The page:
Illinois Senate Votes to Prevent Smell of Marijuana From Being Used as Probable Cause for Searches

An Illinois bill that would explicitly prevent law enforcement from using the smell of burnt or unburnt marijuana from being used as probable cause to justify a police search has been passed by the state’s full Senate.

Under Senate Bill 125, the Illinois Vehicle Code is amended by changing Section 11-502.15 to add the following statement: “The odor of burnt or raw cannabis in a motor vehicle by itself shall not constitute probable cause for the search of a motor vehicle or person.”

The bill, which would also remove the requirement that marijuana be stored in an odor-proof container, was passed today by the Senate 33 to 22. It now goes to the House of Representatives, with passage there sending it to Governor J. B. Pritzker for consideration. It will need to be passed in committee before it can be voted on by the full House.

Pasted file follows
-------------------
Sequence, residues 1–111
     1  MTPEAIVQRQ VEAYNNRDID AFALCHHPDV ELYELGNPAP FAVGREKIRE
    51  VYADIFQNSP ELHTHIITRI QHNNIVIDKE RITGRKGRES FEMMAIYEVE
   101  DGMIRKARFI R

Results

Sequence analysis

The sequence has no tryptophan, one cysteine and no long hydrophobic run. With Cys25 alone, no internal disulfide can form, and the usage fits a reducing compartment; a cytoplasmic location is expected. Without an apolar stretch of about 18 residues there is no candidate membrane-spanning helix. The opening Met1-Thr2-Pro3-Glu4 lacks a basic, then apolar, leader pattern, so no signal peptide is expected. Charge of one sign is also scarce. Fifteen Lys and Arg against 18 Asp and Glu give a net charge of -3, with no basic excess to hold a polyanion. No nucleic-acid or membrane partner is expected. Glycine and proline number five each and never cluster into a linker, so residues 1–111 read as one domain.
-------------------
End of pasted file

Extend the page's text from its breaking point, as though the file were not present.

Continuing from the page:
“People, especially people of color, are unnecessarily pulled over far too often,” said Senator Rachel Ventura, the bill’s lead sponsor. “The odor of cannabis alone shouldn’t be one of those reasons. Cannabis is legal in Illinois and it’s a pungent scent that can stick to clothes for extended periods of time.”

A similar bill in Maryland was just given approval by the state’s full House of Representatives.

The full text of Senate Bill 125, which is just one page, can be found here.

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